Great Lakes Collaborative for Autism

Identify Emerging Needs

The Challenge

The Spectrum of Needs

Autism is a spectrum disorder that affects individuals differently and to varying degrees. Each individual person is unique with unique character, abilities, and challenges. To be sure each person is provided the supports they need to achieve their personal best, programs and services need to be diverse, accessible, and adaptable. We work to ensure there is continuous growth in opportunities for everyone, regardless of where they are on the autism spectrum.

The Autism Numbers

Autism statistics from the U.S. Centers for Disease Control and Prevention (CDC) March 2014 report, identify around 1 in 68 American children as on the autism spectrum–a ten-fold increase in prevalence in 40 years. Careful research shows that this increase is only partly explained by improved diagnosis and awareness. Studies also show that autism is four to five times more common among boys than girls, with an estimated 1 out of 42 boys and 1 in 189 girls being diagnosed in the United States.

Autism affects over 2 million individuals in the U.S. and tens of millions worldwide. Additionally, government autism statistics suggest that prevalence rates have increased 10 to 17 percent annually in recent years. There is no established explanation for this continuing increase.

As the numbers have continued to increase, the need for the amount of services and supports continue to grow. We consistently monitor, measure, and anticipate needs to ensure the growth in programs and supports are in sync with our community.

Our Impact

We use information collected through community assessments and family feedback to guide our efforts, focus, and funding.

Early Intervention Services

As our community became more aware about autism and the benefits of early diagnosis and treatment, the need of early intervention services increased significantly.

In 2008, we provided the initial funding to assist the Mercy Autism program to grow their CHIP autism program from a part-time intervention to a full-time Early Intervention Program, the first of its kind in NW Ohio.

In 2010, we began working in partnership with Toledo Children’s Hospital to bring a “mirror” site of Cleveland Clinic’s autism early learning program to Toledo. The Toledo Children’s Hospital Autism Early Learning Program opened in January 2012 to serve little ones age diagnosis through 6 years.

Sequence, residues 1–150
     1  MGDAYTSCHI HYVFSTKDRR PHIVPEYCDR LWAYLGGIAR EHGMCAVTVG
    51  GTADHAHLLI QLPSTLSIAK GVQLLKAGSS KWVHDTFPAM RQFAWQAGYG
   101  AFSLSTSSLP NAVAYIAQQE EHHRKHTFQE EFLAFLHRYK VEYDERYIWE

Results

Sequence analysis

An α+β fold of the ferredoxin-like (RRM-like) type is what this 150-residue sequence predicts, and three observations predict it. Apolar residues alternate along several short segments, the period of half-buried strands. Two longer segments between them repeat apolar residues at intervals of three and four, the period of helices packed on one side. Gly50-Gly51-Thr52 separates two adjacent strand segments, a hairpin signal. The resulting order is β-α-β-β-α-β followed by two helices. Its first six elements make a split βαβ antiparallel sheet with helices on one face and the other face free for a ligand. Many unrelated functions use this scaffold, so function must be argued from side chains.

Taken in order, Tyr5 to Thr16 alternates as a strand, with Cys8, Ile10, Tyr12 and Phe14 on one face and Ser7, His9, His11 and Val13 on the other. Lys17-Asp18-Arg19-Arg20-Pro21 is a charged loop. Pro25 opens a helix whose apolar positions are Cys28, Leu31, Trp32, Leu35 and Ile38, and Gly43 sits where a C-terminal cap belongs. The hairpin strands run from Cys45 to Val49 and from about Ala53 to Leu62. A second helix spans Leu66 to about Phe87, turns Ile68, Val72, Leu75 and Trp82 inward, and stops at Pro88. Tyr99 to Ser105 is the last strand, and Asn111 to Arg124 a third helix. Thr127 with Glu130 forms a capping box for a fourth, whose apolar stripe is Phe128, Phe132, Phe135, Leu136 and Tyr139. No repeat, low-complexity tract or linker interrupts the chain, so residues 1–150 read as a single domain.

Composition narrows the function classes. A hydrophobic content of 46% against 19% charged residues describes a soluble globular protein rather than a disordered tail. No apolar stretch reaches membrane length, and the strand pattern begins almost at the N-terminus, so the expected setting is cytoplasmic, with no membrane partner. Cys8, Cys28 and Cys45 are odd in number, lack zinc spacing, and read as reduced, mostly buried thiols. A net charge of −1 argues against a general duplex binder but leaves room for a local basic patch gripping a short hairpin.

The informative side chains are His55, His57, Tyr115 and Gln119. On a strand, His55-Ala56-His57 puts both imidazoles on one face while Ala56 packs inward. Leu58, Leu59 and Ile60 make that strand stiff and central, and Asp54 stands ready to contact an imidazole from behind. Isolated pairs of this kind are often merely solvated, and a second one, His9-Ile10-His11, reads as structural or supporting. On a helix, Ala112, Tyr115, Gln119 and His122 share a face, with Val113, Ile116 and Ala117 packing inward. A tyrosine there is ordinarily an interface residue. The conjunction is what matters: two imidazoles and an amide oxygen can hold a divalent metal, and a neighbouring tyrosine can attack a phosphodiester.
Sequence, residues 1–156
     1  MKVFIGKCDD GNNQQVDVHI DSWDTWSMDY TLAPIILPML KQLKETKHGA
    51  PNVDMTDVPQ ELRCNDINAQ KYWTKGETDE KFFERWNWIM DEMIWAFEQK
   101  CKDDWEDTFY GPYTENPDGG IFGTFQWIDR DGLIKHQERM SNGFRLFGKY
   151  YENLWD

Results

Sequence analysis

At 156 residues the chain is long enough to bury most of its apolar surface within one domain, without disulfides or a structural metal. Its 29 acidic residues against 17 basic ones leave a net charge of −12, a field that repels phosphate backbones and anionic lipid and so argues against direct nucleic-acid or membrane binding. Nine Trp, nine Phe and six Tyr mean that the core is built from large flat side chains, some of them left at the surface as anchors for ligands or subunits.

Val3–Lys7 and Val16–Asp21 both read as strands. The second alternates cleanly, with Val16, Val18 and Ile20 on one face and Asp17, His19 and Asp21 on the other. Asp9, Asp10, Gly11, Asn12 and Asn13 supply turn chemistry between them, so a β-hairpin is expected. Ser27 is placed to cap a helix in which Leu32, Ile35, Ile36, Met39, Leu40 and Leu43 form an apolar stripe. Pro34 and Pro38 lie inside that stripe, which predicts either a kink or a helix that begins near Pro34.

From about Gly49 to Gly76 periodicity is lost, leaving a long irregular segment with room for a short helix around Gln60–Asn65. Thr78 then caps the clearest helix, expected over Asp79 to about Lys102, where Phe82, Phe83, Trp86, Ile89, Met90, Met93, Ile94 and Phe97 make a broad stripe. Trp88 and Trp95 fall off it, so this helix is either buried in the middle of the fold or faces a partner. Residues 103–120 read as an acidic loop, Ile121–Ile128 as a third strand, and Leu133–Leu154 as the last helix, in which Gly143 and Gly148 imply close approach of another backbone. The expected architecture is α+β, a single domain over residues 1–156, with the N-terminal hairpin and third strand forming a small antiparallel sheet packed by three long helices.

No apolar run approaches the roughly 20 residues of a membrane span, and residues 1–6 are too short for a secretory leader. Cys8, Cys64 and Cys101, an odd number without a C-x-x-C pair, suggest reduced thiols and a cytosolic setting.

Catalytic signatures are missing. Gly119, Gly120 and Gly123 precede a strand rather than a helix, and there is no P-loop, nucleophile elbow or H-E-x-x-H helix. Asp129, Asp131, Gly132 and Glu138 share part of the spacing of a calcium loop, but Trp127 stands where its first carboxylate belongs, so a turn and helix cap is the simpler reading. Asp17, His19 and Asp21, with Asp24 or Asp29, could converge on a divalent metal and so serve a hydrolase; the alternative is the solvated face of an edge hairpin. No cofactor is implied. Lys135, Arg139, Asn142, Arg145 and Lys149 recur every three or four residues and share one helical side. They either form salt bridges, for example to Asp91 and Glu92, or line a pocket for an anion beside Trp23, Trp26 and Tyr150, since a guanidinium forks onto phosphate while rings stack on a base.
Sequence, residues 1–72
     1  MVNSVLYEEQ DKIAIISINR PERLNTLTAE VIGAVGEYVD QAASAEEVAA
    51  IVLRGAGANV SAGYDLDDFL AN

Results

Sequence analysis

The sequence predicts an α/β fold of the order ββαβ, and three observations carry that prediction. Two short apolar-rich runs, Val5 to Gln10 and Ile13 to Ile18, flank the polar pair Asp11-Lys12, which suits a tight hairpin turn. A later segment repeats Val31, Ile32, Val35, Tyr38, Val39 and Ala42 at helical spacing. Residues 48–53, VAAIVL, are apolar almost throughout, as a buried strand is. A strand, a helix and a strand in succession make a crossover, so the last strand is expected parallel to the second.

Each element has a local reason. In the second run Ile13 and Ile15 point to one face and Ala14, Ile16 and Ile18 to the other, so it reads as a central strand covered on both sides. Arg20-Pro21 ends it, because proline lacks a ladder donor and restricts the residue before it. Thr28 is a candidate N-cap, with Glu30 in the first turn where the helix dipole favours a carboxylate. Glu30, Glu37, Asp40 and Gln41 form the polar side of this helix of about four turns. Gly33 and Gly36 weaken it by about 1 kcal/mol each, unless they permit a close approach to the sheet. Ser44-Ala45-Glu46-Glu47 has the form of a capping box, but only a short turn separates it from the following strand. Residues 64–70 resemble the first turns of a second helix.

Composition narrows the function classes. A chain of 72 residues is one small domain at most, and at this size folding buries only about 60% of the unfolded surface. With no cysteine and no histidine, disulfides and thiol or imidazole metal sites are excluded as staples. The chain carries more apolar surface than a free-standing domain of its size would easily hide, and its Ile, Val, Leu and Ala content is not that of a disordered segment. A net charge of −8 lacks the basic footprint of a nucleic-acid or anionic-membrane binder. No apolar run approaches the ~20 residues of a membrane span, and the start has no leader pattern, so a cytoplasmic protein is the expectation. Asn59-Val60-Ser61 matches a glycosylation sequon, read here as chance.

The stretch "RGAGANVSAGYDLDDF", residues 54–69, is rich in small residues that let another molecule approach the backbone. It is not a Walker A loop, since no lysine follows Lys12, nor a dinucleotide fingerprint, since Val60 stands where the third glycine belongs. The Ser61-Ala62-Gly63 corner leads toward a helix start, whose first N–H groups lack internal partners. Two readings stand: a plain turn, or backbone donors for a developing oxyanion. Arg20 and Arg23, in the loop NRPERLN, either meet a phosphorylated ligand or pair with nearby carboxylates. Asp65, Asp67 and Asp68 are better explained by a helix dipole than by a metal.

Adolescent and Young Adult Services

In 2011, families in our community with adolescents and young adults expressed difficulty finding adequate after-school and summer programs for their children. We collaborated with the Autism Model School and Toledo Children’s Hospital to establish an after school program for adolescents and young adults with autism ages 13-22 years, the first of its kind in Northwest Ohio.

In addition, we worked with Autism Model School and St. Francis De Sales High School to develop, fund and execute a Peer Collaborative Program that would further add social opportunities and interaction. This program provided hands-on training for “typical” high school peers to provide them with the tools and skills to work with our adolescents and young adults with autism. The peer collaborative program has provided both our typical students and our students with autism, tremendous growth in confidence, social skills, and empathy.

Professional Development

In 2010 our community service providers began expanding their programs to meet the needs of families. As we began working with partners, we realized our community was flush with great speech therapists and occupational therapists, however we only had 2 Board Certified Behavior Analysts (BCBA) in Northwest Ohio. As a result, we developed, executed, and secured funding to begin a community initiative providing professionals the opportunity to have BCBA tuition costs reimbursed and access to in-kind BCBA supervision hours. This initiative has increased our number to 8 BCBA professionals now in Northwest Ohio with the goal of adding an additional 4 within the next year.